administering CUDA device on multiuser machine

I’ve set up the NVIDIA SDK on a RHEL 5.1 box, I’ve got the appropriate display driver installed, (, and the example directory makes successfully. The machine is set to run at initlevel 3 (at boot).

The machine is used by a few different users, and access to the graphics card seems erratic. For example, I sometimes get the error:

[nmoore@buff release]$ pwd

[nmoore@buff release]$ ./MonteCarlo
NVIDIA: could not open the device file /dev/nvidiactl (Permission denied).
There is no device supporting CUDA.

This error sometimes goes away when I restart the machine, but there doesn’t seem to be any regularity to this behavior. Are there CUDA system/admin tools that I should learn about?

I’ve been wondering if there would be implicit problems with booting into initlevel 3. I actully have two graphics cards installed on the system (the other one an integrated motherboard card), but configuring them both to work simultaneously (one for CUDA computation, the second for rendering an x11 window) seemd like more of a challenge than I wanted to tackle.

Any comments or pointers would be appreciated!

Ok, so I read the two readme’s and found something new. One of them suggests the following init script:

o In order to run CUDA applications, the CUDA module must be 

  loaded and the entries in /dev created.  This may be achieved 

  by initializing X Windows, or by creating a script to load the 

  kernel module and create the entries.

 An example script (to be run at boot time):


 modprobe nvidia

 if [ "$?" -eq 0 ]; then

 # Count the number of NVIDIA controllers found.

  N3D=`/sbin/lspci | grep -i NVIDIA | grep "3D controller" | wc -l`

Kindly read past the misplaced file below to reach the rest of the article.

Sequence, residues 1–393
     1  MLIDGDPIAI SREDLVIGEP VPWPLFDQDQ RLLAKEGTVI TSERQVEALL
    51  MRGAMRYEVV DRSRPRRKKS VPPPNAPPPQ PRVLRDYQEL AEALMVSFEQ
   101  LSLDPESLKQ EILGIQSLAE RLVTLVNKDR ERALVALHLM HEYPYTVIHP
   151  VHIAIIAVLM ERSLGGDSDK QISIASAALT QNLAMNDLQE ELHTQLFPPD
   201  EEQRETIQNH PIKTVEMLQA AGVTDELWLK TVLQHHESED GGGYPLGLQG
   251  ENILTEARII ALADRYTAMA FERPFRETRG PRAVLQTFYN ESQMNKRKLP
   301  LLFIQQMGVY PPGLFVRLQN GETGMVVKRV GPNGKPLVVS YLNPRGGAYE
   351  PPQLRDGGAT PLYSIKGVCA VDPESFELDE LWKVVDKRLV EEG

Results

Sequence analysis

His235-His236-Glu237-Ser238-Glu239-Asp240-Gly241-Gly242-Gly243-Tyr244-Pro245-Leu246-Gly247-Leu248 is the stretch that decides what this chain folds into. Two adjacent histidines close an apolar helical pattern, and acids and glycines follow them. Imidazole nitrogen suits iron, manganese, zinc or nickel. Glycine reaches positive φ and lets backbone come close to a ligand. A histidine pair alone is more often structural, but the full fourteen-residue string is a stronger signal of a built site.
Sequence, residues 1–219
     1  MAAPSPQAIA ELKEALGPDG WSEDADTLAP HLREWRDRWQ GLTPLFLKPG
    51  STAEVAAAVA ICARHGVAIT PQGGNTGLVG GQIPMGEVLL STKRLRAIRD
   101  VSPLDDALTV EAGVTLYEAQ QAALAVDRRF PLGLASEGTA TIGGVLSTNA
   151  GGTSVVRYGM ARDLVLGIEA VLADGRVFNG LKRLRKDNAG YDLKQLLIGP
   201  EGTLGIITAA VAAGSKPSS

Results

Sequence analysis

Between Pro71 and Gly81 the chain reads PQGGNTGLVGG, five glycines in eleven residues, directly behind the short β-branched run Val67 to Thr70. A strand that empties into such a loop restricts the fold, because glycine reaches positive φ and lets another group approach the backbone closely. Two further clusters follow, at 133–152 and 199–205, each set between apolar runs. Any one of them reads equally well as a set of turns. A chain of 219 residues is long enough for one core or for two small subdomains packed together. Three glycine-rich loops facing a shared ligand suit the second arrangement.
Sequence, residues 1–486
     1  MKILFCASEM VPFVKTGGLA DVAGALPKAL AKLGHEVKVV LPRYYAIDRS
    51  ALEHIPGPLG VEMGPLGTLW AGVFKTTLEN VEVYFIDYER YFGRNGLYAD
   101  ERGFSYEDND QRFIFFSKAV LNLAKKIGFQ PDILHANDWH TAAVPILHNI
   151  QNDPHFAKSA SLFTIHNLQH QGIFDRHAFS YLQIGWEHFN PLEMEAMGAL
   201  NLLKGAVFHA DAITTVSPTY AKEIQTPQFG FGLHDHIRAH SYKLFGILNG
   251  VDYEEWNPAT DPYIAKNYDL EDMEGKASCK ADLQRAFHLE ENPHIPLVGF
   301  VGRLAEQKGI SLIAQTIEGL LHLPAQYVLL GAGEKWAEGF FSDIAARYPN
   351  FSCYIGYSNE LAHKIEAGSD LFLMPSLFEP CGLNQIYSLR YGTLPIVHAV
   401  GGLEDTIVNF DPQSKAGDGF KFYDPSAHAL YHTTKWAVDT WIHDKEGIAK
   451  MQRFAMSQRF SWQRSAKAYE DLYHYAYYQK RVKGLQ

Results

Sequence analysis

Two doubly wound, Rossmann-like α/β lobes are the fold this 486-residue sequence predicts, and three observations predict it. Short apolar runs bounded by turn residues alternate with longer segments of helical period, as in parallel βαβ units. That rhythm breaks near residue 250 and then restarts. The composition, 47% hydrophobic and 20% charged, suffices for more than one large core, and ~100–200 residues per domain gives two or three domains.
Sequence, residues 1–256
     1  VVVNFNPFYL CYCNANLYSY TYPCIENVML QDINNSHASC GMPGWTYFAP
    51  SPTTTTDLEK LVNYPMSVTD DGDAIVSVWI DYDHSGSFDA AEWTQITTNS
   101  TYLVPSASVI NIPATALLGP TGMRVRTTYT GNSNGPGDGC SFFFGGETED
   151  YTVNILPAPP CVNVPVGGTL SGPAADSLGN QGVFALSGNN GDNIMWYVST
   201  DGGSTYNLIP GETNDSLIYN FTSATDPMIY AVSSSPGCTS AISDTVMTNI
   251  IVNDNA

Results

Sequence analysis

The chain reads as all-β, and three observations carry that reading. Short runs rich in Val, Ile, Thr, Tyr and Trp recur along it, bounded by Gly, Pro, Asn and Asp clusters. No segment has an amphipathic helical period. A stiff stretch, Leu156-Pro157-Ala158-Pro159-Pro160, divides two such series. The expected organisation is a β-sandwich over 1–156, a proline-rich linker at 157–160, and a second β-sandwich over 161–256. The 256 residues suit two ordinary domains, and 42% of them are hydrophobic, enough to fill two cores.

NVGA=`/sbin/lspci | grep -i NVIDIA | grep "VGA compatible controller" | wc -l`

 N=`expr $N3D + $NVGA - 1`

  for i in `seq 0 $N`; do

  mknod -m 666 /dev/nvidia$i c 195 $i;


 mknod -m 666 /dev/nvidiactl c 195 255


  exit 1


Should this be in /etc/bashrc?

I’m still confused about the proper runlevel.

The /dev/nvidia* entries get created either when starting X, or they have to be created manually (using the script you found, or via some other mechanism of your choosing). If you’re not booting into runlevel 5, then X is not going to start, and you’ll need to ensure that the /dev/nvidia* entries are created via an initscript, or from /etc/rc.local. You definitely do not and cannot do this via /etc/bashrc, as non-root users cannot create these entries.


It works now, thanks very much.

Do I have to do anything special on a multi-user machine to have the card de-allocated and re-allocated by subsequent users?

I’m interested in this as well. If you’ve got multiple Tesla GPUs in a single machine and users don’t explicitly select a device with cudaSetDevice, will it default to time sharing device 0? Is there a way from system land to guarantee exclusive access to a GPU, or will I need to do some custom stuff on my end to let the users know which GPU they should use to get “dedicated” access.

This was ages ago, but just in case you’re still listening you should check out “nvidia-smi --help” from the command line.

I don’t remember when it was added (CUDA 2.3?), but I did catch the new compute-mode-rules option that was added and have it set to compute-exclusive mode on all of our GPUs at boot time.